Try not to cry as you peel away your cards while making your way to the showdown in this variant of Hold ‘Em poker.
Onion is Hold 'Em poker, with four hole cards dealt to each player and discard stages after the flop and turn bets (“peeling the onion”), leaving remaining players with two hole cards at the river. Otherwise, play proceeds as in Texas Hold 'Em. Onion is usually played pot-limit. #OnionPoker
I play in a regular poker game, and we play several variations of the game. Our game started with just Texas Hold 'Em, then expanded to Omaha High-Low, and now has many additional variations in rotation. We originally limited games to ones played in the World Series of Poker, but even that limit has been stretched. For instance, one of our players recently introduced a game which he read about on a blog, which he said made it “real”. We’ve created a variation that I feel is as fun–more fun, in fact–than several of the ones in rotation, and since making a blog post is enough to make it real, here’s it is: Onion Hold 'Em.
Onion is typically played pot-limit (it’s the other PLO). That is, the amount a player may commit to the pot with each bet is limited to the amount in the pot from previous betting rounds, plus any committed chips from players who acted earlier in the current round. That said, there’s no reason it can’t be played as a no-limit game; the game mechanic of “peeling the onion” is simply more interesting if the game gets to its later stages. Playing Onion as a limit game may also be fun for the same reason, although I haven’t tried it.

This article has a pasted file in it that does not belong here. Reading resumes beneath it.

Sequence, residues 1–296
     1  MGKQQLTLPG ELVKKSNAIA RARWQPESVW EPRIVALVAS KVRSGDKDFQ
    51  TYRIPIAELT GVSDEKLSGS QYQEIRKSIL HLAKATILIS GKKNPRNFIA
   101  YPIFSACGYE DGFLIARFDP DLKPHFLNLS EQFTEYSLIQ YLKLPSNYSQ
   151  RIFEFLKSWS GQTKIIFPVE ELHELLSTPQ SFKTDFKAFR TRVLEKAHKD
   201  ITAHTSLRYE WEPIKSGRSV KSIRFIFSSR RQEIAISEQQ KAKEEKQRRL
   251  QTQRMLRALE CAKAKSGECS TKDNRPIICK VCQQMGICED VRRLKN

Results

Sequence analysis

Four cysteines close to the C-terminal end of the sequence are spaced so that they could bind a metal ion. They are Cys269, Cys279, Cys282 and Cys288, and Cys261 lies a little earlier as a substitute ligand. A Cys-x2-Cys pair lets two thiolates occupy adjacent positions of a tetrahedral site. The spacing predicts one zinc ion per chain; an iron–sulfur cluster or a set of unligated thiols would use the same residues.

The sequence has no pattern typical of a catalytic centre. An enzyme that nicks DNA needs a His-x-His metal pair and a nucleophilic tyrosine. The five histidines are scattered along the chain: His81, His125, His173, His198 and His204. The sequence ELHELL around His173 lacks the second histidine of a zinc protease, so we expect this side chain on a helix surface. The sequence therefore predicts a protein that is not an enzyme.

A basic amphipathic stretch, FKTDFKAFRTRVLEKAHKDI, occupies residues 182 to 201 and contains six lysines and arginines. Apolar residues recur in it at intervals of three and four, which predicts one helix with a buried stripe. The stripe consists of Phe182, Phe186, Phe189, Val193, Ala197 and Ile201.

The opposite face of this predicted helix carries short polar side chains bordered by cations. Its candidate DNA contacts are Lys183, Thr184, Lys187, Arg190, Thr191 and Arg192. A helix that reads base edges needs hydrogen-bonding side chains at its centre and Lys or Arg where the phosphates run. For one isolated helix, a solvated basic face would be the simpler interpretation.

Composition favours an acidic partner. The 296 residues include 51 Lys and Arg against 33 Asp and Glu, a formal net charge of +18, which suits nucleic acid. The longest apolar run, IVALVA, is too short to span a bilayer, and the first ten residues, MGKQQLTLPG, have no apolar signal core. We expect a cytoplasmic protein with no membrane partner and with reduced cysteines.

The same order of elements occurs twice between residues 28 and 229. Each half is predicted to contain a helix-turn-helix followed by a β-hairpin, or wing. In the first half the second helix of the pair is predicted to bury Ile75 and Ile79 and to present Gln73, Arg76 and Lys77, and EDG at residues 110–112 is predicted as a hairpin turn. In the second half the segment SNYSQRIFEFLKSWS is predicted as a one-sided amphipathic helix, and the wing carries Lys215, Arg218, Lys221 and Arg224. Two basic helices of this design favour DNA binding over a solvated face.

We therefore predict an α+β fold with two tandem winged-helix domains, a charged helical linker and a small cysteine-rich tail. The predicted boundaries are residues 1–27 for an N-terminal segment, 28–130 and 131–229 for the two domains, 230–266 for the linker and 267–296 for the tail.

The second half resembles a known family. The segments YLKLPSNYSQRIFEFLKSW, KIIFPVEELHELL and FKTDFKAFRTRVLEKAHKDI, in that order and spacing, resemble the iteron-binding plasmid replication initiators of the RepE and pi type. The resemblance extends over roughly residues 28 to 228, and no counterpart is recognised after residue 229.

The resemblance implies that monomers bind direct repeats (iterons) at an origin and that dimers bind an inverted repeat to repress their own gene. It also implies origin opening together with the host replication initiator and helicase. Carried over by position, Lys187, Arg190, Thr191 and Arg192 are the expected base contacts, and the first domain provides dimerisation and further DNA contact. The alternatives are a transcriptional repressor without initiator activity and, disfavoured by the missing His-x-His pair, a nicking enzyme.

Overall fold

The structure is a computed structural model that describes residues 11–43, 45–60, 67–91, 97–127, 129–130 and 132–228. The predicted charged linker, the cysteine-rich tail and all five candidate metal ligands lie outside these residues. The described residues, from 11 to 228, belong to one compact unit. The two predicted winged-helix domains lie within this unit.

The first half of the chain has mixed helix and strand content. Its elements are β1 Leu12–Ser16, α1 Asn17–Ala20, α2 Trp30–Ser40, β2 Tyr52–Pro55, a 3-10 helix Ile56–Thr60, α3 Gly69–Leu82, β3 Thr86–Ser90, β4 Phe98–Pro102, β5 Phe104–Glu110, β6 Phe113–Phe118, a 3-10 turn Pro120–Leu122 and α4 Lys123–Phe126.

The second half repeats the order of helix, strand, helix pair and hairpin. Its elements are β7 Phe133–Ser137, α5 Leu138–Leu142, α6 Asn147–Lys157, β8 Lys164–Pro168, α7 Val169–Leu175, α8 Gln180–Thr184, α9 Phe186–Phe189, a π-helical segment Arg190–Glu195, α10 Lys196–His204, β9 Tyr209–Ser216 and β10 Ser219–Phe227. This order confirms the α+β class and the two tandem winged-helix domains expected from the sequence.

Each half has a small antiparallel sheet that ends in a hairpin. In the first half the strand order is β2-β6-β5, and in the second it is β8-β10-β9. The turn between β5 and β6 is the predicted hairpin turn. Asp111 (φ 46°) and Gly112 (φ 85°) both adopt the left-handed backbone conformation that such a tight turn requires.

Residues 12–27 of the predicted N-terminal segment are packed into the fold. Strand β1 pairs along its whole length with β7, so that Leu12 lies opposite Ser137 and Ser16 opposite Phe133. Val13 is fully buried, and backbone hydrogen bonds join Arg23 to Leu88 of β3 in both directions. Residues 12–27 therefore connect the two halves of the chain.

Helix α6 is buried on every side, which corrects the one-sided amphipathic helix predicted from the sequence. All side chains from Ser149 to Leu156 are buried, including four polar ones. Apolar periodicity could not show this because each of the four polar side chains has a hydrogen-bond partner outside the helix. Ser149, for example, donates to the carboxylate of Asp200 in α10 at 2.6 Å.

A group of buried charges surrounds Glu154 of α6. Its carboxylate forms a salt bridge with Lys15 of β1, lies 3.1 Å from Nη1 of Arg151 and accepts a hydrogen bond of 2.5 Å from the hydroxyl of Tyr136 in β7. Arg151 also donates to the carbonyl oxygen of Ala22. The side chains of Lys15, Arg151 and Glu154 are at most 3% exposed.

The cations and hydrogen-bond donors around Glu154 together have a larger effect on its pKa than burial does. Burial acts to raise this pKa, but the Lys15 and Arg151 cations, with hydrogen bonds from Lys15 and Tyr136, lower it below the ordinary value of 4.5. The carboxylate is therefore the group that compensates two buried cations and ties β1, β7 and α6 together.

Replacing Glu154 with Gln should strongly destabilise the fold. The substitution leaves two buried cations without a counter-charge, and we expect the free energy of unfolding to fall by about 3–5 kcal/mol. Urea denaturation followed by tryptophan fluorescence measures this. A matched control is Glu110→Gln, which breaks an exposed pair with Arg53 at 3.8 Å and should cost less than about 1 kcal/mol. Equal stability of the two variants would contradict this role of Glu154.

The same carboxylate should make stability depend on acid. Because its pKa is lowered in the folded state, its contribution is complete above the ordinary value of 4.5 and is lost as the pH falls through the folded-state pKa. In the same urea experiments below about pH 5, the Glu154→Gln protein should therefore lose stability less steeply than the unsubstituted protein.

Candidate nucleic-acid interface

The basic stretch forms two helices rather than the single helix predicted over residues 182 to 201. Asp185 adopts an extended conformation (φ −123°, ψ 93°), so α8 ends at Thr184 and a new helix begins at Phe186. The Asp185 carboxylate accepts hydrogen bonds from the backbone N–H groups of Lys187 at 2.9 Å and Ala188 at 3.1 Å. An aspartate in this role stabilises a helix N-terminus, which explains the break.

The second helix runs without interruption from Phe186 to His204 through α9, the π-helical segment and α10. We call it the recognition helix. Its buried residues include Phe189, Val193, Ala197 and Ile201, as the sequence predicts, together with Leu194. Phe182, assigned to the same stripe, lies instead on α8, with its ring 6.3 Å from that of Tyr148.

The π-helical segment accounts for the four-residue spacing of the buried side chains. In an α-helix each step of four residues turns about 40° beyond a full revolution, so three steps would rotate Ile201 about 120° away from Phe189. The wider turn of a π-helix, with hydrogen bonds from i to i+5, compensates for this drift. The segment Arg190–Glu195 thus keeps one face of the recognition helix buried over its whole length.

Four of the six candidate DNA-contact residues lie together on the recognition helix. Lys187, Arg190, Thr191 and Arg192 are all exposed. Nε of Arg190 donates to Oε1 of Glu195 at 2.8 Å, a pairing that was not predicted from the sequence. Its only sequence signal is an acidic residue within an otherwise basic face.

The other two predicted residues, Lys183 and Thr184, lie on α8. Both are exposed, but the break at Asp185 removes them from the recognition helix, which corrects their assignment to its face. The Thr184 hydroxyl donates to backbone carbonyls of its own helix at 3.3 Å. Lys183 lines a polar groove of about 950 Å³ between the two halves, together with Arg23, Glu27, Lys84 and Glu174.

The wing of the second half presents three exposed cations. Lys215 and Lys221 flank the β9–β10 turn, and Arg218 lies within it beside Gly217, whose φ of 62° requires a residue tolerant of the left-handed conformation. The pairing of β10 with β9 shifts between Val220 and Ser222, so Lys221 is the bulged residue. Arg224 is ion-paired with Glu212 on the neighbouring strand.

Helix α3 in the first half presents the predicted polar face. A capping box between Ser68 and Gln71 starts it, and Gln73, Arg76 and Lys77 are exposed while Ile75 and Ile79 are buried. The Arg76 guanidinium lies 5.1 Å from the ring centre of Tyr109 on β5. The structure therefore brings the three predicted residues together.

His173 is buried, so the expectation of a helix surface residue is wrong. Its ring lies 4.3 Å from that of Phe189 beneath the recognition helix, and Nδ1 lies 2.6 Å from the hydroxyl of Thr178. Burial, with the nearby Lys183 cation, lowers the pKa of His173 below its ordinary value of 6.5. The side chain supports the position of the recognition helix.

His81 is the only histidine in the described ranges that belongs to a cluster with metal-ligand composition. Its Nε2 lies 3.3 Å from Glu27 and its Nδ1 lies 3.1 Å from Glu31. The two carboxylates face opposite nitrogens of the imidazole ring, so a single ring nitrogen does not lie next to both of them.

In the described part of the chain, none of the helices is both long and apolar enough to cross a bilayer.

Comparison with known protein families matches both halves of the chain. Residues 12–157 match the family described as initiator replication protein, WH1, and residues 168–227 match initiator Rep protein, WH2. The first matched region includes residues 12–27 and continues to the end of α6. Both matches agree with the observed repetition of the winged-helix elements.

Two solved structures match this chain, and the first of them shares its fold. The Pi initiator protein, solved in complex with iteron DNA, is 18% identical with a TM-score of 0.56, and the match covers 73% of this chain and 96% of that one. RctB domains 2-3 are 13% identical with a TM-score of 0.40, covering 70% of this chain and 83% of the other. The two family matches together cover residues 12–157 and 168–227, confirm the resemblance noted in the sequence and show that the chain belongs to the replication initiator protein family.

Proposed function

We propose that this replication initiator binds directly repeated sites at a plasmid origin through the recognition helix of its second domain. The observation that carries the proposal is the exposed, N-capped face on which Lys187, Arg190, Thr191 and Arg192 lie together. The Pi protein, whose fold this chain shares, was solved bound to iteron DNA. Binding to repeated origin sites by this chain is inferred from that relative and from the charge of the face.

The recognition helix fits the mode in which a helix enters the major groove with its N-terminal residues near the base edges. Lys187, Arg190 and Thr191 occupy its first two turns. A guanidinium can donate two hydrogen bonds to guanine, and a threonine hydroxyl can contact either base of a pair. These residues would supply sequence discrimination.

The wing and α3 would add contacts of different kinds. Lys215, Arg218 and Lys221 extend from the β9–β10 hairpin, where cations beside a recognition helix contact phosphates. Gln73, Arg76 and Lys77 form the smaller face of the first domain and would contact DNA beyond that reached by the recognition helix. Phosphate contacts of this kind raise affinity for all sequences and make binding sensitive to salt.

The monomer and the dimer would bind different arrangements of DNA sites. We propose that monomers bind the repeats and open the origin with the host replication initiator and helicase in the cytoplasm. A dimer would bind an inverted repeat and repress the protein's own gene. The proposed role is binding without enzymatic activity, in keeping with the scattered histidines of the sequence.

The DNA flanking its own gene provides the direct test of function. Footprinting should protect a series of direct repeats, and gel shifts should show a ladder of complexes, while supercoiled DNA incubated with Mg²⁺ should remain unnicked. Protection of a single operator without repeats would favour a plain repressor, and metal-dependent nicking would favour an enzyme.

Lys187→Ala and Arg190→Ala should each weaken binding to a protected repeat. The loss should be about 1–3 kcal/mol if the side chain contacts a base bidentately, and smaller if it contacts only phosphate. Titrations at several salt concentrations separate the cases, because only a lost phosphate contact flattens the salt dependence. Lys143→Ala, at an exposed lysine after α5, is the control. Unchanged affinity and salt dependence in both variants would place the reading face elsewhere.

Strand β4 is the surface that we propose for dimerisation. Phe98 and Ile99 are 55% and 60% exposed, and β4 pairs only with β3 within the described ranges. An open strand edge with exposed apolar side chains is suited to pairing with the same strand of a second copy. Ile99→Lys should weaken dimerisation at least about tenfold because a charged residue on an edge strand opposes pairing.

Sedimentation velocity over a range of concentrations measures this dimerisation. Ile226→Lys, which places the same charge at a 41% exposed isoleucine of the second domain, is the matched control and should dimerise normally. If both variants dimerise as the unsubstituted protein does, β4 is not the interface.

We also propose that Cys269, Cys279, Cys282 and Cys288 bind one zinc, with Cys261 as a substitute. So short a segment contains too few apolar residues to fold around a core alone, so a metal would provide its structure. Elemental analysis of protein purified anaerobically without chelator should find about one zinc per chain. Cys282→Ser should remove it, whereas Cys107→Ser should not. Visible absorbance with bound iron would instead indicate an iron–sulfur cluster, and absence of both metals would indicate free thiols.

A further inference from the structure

Summary of Game Flow
For players who are familiar with Texas Hold 'Em, this is a concise description of the game; a detailed version is below.
Four cards are dealt face down to each player, instead of the normal two. Bet as normal, based on the hole cards dealt. Each player will eventually be making a five card hand with five community cards and two hole cards after later rounds, just as in Texas Hold 'Em.
Flop and bet occur as in Texas Hold 'Em.
“Peel the onion.” That is, each player discards a card from his hand, face down, leaving him with three remaining hole cards. This mechanic forces each player to choose among possible draws and made hands, which is where the game gets its name; “Peeling the onion” may make one want to cry, as it can in the kitchen. ;)
Turn, bet, and “peel” again, leaving two hole cards in each player’s hand.
River, bet, and showdown as in Texas Hold 'Em.
Detailed Game Flow
The deal. Each player is dealt four cards face down from a standard fifty-two card poker deck (that is, all cards of values: two to ten; jack; queen; king; ace, from all four suits: clubs; diamond; hearts; spades). Each player should keep these “hole cards” from being identified by other players.